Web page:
by Whit Gibbons

October 23, 2005

Of the scientific advancements in zoology that have occurred in the past year, two are particularly intriguing: identification of a salamander and a rodent hitherto unknown to scientists. The discovery of the salamander extends the geographic range of the group to another continent and provides a fresh perspective on the historical patterns of geographic distribution. The rodent is so distinctive from those found anywhere else in the world that it has been placed in a family of its own.

The salamander discovery was reported in the scientific journal “Nature” by M. S. Min of Seoul National University and several colleagues, including Ron Brandon of Southern Illinois University from whom I took herpetology at the University of Alabama several decades ago. Another participant in the identification of the new salamander was David Wake of the University of California, Berkeley. Dave is internationally known for his research on the evolution and ecology of salamanders.

These scientists and others were involved in the report because identifying it was a challenge. It was the first salamander in that particular family (Plethodontidae) ever reported from Asia. The Plethodontidae has more species than all the other families of salamanders combined, 377 of the 550 species of the world's salamander species. But with the exception of a half dozen species from the Mediterranean region, all species in the family were formerly known only from the Western Hemisphere. Most are in Central and South America. The southeastern states have more than 70 species in the family.

The new Asian salamander differs from others in the family genetically, and the bone structures of the feet and skull are different, something only experts could determine. But it is similar to the American forms in having no lungs. The species has presumably been separated from the North American members of the family for more than 65 million years, which gives insight into the ancient evolution and global distribution patterns of salamanders.

Experts were also needed to assess the proper taxonomic placement of a newly identified species of mammal from Southeast Asia. Paulina D. Jenkins of the British Museum of Natural History, London, and colleagues conducted DNA analyses to confirm the genetic individuality of the species, now called the Laotian rock rat. In the Khammouan Province of Lao Peoples Democratic Republic (Laos), where the first specimen known to science was found, the creature is called kha-nyou (my bet is that this means rock rat in Laotian). Interestingly, the specimen was found in an outdoor market; apparently the species is well-known to natives of the region who consider kha-nyou a food item.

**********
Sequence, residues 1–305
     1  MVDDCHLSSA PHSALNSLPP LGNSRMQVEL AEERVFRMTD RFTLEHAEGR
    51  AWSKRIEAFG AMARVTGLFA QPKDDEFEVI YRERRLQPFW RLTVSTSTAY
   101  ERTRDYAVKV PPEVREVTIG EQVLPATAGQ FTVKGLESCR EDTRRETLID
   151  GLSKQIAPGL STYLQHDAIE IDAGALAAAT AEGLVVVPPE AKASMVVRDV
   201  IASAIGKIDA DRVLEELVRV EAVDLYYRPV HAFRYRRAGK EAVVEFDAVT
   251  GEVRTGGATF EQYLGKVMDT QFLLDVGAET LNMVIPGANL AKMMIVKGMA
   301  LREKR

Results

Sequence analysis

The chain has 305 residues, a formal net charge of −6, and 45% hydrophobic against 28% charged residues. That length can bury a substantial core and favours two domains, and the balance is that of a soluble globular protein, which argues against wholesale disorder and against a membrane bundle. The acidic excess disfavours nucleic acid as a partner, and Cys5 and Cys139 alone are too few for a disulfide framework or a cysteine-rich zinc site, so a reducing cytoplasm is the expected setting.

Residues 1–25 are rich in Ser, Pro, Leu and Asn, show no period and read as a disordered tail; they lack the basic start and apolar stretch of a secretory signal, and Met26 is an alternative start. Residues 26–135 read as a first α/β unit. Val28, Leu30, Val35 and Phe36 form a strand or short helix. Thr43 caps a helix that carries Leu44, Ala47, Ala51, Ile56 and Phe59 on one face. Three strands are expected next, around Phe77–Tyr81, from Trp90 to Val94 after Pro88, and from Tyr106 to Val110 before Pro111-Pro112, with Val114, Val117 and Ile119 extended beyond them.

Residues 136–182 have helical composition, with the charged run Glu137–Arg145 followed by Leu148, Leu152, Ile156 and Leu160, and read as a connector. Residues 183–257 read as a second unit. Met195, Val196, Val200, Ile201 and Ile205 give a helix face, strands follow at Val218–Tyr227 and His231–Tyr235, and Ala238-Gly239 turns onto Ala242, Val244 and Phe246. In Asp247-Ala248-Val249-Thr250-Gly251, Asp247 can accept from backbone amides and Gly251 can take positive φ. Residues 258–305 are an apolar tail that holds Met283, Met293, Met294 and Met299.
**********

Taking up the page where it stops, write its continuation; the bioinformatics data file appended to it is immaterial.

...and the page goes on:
The rodent is not simply a new species; it represents a new genus and new family of mammals, the first to be described in more than 30 years. The closest relatives of the new species are rodents from Africa and South America, not Asia. As with the Asian salamander, scientists are intrigued by how it got where it is when similar species did not. The Laotian rock rat, which reaches about a foot in length, has been described as looking like a cross between a rat and a squirrel or like a guinea pig with a long tail.

Although not new, an extraordinarily large specimen of a species was washed ashore in Tasmania in July. Most scientists agree that the giant squid is the largest invertebrate in the world, reaching enormous weights and lengths. But because they live deep in the ocean little is known of their habits. Even sightings of live specimens in their native habitat are rare, thus giant squid that are washed ashore dead or captured incidentally by fishermen are considered valuable for scientific observations. The Tasmanian specimen weighed more than 500 pounds and was estimated to be about 50 feet long. The largest squid ever found weighed nearly a ton.

The importance of studying a giant squid in Tasmania or identifying species in Asia previously unknown to scientists transcends the individual achievements. Such scientific accomplishments underscore the importance of scientists who can recognize new life forms when they find them, the value of experts who can properly classify such animals, and the marvel of life’s many mysteries that still await our full understanding.

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